Let's face it: Lego games are usually rubbish. Star Wars games - while they're sometimes good - are often rubbish. And games 'for kids' are almost always rubbish - so we weren't all that hopeful about Lego Star Wars.
Imagine our surprise, then, when it turned out to be the games equivalent of putting jam on a Yorkshire pudding, or trusting Ewoks to fight huge metal death-machines - a really stupid idea that works much better than you could possibly imagine. And it's all down to the Lego.
See, it's all about the logic of playing every scene from Star Wars - but with tiny toys. You can use the Force on bunches of flowers to make them spit out coins - and it makes sense, because it's Lego!
There are puzzles where six people have to stand on different switches to open doors - which is a pretty stupid thing to put in your palace, and definitely wasn't in the films - but that's okay, because it's Lego!
You don't have to put up with Hayden Christiansen's plank-faced acting - or even a impersonator pretending to be him - because it's Lego, and Lego people can't talk! Obviously.
Okay, so it's not particularly complicated. You've got three buttons: hit, jump and 'special ability'.
If you're stuck, chances are you need to smash something, jump over something or use the Force to rearrange something into a handy platform or a set of stairs.
But here's the clever bit; you've got up to five support characters trailing you at a time, and you can 'tag' any of them in to use their special abilities.
R2-D2 opens doors, Anakin crawls through tight spaces, Jar-Jar jumps really high and annoys everyone, and so on.
Support characters will follow you as far as they can, but you'll often have to go on ahead with another character to open up a path for them before you can move to the next area.
The very clever bit is that some levels have areas that are unreachable the first time you play through. You need to go back in Free Play mode with different characters to reach them.
And the super-clever bit is that another player can drop in at any time to give you a much-needed hand. AI characters will defend themselves but won't actually kill enemies - so another player can give you the edge in the fights.
When they're bored, they can simply drop out again, and the computer'll take over.
Don't worry, by the way - there aren't any specifically two-player puzzles, so you can play on your lonesome if you like.
The AI's smart enough to notice when you're trying to force-throw a block that you're already standing on. As we said, it's really very clever stuff.
Of course, this is all very nice and everything, but it'd soon get a bit tedious if that was all there was to it. Fortunately, Lego Star Wars uses its toytown origins to deliver some comedy touches.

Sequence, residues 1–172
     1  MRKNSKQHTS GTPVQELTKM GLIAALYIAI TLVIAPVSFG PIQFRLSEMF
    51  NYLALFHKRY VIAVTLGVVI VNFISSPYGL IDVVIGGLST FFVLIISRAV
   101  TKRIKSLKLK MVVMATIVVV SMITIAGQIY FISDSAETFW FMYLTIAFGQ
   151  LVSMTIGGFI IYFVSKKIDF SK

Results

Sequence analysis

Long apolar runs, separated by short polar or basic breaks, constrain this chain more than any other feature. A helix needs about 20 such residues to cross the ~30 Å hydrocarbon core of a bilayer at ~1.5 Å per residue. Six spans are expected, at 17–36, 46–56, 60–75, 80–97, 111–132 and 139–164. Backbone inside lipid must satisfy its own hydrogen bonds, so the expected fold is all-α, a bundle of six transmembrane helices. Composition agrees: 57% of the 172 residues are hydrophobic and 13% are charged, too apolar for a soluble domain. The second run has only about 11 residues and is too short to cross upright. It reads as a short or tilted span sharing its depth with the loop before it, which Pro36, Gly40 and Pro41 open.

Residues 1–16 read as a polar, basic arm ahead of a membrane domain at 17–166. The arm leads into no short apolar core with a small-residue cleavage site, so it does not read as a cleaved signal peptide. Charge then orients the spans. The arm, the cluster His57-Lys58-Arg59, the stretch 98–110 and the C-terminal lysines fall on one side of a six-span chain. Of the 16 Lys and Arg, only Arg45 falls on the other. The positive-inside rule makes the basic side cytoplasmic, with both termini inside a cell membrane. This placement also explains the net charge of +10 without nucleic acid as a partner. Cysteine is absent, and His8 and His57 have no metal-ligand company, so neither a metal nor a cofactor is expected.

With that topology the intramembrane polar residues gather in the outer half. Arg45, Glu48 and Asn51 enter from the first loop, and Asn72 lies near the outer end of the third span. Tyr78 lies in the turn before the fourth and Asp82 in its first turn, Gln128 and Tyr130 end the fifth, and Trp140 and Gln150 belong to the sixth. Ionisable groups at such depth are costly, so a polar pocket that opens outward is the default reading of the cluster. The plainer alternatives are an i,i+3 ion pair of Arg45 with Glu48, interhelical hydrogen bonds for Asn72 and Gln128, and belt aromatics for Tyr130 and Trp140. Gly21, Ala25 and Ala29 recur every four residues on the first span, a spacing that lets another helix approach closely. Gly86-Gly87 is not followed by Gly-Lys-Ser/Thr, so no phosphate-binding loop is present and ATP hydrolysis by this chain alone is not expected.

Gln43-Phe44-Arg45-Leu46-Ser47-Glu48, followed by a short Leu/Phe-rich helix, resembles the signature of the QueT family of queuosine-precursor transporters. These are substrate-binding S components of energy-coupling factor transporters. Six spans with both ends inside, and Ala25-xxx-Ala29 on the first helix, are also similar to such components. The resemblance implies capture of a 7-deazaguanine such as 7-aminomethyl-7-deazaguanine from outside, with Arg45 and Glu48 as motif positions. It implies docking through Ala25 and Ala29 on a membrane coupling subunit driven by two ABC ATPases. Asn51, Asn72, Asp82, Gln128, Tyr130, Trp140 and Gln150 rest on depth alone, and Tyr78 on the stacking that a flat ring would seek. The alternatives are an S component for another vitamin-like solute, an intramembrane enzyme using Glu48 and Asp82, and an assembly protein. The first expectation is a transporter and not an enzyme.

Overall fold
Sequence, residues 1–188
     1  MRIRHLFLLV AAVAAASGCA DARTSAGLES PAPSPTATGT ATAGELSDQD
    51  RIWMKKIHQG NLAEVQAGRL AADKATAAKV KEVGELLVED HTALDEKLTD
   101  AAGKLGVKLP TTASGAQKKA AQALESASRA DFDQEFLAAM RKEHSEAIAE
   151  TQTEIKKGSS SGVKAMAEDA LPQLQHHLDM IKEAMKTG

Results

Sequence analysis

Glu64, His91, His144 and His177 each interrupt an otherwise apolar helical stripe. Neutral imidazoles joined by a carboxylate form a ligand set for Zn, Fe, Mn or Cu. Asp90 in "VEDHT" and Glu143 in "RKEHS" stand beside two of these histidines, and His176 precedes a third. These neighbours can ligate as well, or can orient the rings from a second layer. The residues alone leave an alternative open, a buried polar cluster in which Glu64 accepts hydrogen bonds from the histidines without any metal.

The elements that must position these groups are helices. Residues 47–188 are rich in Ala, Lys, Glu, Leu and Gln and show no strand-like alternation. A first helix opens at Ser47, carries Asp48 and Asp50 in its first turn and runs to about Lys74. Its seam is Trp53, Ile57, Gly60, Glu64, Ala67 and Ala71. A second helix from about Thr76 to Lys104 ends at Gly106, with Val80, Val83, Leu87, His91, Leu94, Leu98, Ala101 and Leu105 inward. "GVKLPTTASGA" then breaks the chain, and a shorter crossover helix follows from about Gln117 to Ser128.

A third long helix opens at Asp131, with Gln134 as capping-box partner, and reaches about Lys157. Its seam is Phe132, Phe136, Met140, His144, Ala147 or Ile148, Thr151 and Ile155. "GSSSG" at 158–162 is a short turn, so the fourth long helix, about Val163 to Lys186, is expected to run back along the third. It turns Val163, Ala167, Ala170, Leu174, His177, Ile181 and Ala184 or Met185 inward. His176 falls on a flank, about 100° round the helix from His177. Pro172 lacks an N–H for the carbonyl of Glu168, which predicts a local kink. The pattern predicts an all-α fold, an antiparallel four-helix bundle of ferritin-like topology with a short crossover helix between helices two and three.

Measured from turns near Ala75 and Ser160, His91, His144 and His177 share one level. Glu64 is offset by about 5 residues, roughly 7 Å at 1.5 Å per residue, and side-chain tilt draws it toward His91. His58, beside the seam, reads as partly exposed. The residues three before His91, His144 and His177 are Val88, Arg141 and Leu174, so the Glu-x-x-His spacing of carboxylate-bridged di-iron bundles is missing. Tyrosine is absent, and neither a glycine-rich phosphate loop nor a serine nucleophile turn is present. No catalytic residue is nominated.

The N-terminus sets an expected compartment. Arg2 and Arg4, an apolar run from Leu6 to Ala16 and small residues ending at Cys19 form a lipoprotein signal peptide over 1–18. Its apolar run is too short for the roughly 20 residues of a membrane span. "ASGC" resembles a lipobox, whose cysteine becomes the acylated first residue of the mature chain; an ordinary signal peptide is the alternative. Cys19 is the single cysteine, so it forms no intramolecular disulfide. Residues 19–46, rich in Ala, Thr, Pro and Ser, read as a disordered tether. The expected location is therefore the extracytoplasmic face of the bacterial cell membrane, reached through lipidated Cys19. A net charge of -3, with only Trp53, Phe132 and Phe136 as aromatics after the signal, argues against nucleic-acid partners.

Some will make you laugh a lot more in one level that an entire films-worth of cutesy gurning from Gungan liability Jar-Jar Binks.
Use the Force on the jukebox in Dexter's cafe, for instance, and the entire place starts hopping along to the Mos Eisley Cantina band's favourite tune.
Find some bricks scattered on the floor of Jango Fett's house, and you can rearrange them to form a portrait of the bounty hunter himself - then fiddle with them again to show a picture of a clone trooper. Nice touches like this alone make the game worth playing.
Virtually everything you see can be tweaked and prodded with the Force - from flicking lights on and off to making huge space-trucks explodes. And they'll all shower you with the lovely, lovely studs you need to buy extra characters.
Just as good is the Lego acting - although it's a scene-for-scene retread of the films, the characters react like proper comedy toys.
Shudder! As Captain Panaka stops dead when he runs into Darth Maul, making everyone else slam into the back of him.
Hiss! As evil Darth Sidious pokes his wrinkly face out from behind a pillar.
And swoon! As Lego Natalie Portman flirts with Lego Anakin after he's just murdered an entire village full of Lego Tusken Raiders. Okay, forget that last one.
For shameless fanboys, there's plenty of collectible magic to be found, too. Studs can unlock everything from clone trooper transports to silly moustaches for the characters.
The need to play through levels again provides a point to playing through again as Count Dooku. You'll even get a sneaky Lego peak at the much-trumpeted Episode III, if you really want to ruin it for yourself.
We're not allowed to show you any pictures here - or even talk about it much - but it's probably the most excitingly fight-packed instalment of the lot. Even if we're not sure about some of the characters yet.
The only problem is, Lego Star Wars is short. Really short. You'll rocket through all three episodes in less than six hours, and whether you'll bother trying to unlock all the special vehicles is questionable to say the least.
Still, it's virtually a must-play just for the fun of seeing little Lego characters miming out the best bits of the films. There's something about seeing Jango Fett run away on little stubby legs that Jedi Knight and KOTOR 2 just can't match.
Rent this one for a weekend, complete it with some mates and learn to love little Lego Lucas all over again. Now, if we can just convince Eidos to get to work on versions of the second trilogy - Lego Han Solo, anyone?
Lego Star Wars is out for Xbox, PS2, PC and GBA now